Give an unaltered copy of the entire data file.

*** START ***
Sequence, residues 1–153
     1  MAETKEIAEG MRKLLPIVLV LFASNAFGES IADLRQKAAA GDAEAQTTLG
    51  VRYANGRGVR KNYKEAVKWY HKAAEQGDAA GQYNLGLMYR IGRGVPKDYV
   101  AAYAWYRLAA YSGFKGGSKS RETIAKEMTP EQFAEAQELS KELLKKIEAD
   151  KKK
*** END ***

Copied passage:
Sequence, residues 1–153
     1  MAETKEIAEG MRKLLPIVLV LFASNAFGES IADLRQKAAA GDAEAQTTLG
    51  VRYANGRGVR KNYKEAVKWY HKAAEQGDAA GQYNLGLMYR IGRGVPKDYV
   101  AAYAWYRLAA YSGFKGGSKS RETIAKEMTP EQFAEAQELS KELLKKIEAD
   151  KKK